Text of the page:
Defending Last Generation Theology


(Kim Green) #61

You are finally getting it, Carol…SO much more “advanced” visions and prophetic utterances than the Bible. The Bible appears to be superfluous after all. :wink:


(Ray Smith) #62

I can’t resist a quote or two from Colossians 3.

Verse 9 “… you laid aside the old self with its evil practices, and have put on the new self…”

Verse 12-14 “So, as those who have been chosen of God, holy and beloved, put on a heart of compassion, kindness, humility, gentleness and patience; bearing with one another, and forgiving each other, whoever has a complaint against anyone; just as the Lord forgave you, so also should you. Beyond all these things put on love, which is the perfect bond of unity.”


(jeremy) #63

context doesn’t change the fact of what was actually said…


(Cfowler) #64

It’s okay, Jeremy…I get you!


(jeremy) #65

ray, you actually did say that “our old sinful carnal human nature is dead - gone by God’s power”…if you want to say something different now, that’s fine…

i don’t think anyone, other than the most avid LGTer who is in denial of original sin, disagrees with this…paul clearly teaches that after our conversion, our born again spiritual nature is in conflict with the flesh, as you call it, that we received at birth…

but let me ask you this: do you see sanctification as a “benefit”, as you’ve alluded:

or do you see sanctification as a prerequisite to salvation…egw, of course, sees sanctification as a prerequisite to salvation, given that it’s a prerequisite to justification, whereas free gracers tend to see it as a passive outcome that has nothing to do with salvation…

notice that john the baptist sees sanctification as prerequisite, given that in his figure, trees that don’t bear fruit are “hewn down, and cast into the fire”, Matt 3:10…he also teaches that we have the responsibility to “bring forth therefore fruits meet for repentance”, Matt 3:8…


(Ray Smith) #66

Jeremy, I said that and my position hasn’t changed. Original sin to me means being born with a sinful rebellious heart that does not know God. The flesh, the human mind and emotions, habits and human coping mechanisms flow from the heart. God reads the heart. He knows what is at the core of our being. It’s the heart that is our true identity.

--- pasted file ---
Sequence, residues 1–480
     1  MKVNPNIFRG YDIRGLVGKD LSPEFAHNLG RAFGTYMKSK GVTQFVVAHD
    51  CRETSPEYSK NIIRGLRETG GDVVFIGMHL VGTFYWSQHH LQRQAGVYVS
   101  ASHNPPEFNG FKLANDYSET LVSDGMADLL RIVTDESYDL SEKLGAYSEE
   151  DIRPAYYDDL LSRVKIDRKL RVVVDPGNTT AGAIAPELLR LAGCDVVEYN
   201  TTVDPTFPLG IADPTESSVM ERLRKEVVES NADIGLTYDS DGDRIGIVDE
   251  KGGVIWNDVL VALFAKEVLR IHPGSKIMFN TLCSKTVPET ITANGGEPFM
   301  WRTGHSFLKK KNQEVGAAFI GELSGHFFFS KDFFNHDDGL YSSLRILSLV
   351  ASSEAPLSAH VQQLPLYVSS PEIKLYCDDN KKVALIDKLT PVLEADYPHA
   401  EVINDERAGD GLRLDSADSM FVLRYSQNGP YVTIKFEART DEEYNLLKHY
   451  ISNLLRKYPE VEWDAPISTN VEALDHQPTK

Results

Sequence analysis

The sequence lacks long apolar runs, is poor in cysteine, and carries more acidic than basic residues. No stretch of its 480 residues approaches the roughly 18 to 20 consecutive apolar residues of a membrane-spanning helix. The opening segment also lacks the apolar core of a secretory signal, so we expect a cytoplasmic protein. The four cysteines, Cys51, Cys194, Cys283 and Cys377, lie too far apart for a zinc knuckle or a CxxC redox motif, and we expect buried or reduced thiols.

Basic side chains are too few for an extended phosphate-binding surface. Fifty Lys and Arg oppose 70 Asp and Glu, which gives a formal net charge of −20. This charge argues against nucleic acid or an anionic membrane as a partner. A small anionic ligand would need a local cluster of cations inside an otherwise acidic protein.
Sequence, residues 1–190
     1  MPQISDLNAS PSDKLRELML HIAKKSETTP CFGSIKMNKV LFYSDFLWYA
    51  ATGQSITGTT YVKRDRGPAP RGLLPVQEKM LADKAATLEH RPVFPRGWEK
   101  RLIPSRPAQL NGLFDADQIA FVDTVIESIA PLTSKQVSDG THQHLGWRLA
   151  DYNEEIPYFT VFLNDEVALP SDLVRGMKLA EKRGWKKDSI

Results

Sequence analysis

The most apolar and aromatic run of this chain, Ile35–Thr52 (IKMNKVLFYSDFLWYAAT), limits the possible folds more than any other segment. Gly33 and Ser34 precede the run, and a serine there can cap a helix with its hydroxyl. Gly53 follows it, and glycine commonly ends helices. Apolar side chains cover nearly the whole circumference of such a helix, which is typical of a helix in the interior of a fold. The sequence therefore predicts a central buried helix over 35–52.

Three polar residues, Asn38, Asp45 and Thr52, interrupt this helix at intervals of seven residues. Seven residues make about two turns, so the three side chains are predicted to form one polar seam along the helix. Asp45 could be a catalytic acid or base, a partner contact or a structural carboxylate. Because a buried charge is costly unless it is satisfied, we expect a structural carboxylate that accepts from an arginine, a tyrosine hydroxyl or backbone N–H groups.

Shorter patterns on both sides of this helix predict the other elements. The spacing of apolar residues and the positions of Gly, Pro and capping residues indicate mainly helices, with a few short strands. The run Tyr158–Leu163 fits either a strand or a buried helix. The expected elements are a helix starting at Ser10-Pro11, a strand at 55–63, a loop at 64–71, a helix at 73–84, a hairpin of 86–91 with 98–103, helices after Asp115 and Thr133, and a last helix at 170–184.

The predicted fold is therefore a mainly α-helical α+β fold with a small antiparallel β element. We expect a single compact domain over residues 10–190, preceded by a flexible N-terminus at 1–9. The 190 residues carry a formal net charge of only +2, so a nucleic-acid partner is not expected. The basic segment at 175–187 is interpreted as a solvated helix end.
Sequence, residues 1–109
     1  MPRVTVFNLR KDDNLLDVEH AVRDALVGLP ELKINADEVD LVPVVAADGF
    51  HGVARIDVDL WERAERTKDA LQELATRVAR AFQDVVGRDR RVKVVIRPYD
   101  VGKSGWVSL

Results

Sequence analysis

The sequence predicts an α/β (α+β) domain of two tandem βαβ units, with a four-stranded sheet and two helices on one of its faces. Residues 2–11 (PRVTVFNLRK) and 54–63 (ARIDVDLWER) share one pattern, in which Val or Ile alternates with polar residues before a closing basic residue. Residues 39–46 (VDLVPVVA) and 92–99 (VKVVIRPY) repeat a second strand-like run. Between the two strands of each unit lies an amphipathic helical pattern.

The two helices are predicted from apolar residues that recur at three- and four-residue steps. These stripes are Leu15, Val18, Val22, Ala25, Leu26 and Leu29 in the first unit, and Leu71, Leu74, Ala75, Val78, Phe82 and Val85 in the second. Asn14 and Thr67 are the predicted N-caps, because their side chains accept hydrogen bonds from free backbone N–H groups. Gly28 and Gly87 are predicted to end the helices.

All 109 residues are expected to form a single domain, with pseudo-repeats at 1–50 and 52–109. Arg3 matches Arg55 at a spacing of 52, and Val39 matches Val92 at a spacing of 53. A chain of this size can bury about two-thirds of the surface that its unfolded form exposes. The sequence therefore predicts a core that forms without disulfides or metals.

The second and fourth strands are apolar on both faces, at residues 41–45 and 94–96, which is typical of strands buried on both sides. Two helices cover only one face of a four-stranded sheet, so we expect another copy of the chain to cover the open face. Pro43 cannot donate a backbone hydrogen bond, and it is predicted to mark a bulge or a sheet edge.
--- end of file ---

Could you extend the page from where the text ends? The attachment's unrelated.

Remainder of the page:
David prayed that God would create in him a clean heart and renew a right spirit within him. Calvary released the Holy Spirit to do this in the new birth. Nicodemus tried to dodge the issue. Christ gently brought him to focus on the cross. Nicodemus finally got it.

I struggled for most of my life trying to come to terms with sanctification as the work of a lifetime. We need better than lifelong behaviour improvement and God has provided it. Salvation in no way depends on my behaviour ie progressive sanctification. For the born again believer our holy and righteous behaviour, our good works, are nothing more or less than a love response to everything God has done for us in Christ.

In Adventist terms sanctification meant a lifetime of behaviour improvement. What I am saying is that the human heart is created new when we are born again. Otherwise what is born? Where is the new creation? But, we still battle sin in the flesh. It’s like a virus. We have old habits, human emotions, human coping mechanisms to deal with but these are not from the heart. They are often contrary to our heart but God is patient and continually teaches us His ways. Grace through the indwelling Holy Spirit patiently teaches us to live our lives in harmony with the new heart and the Holy Spirit who lives there. Deep down in our inner self we no longer have a rebellious, sinful heart. The flesh is another matter but grace is our answer there as well. We grow in grace.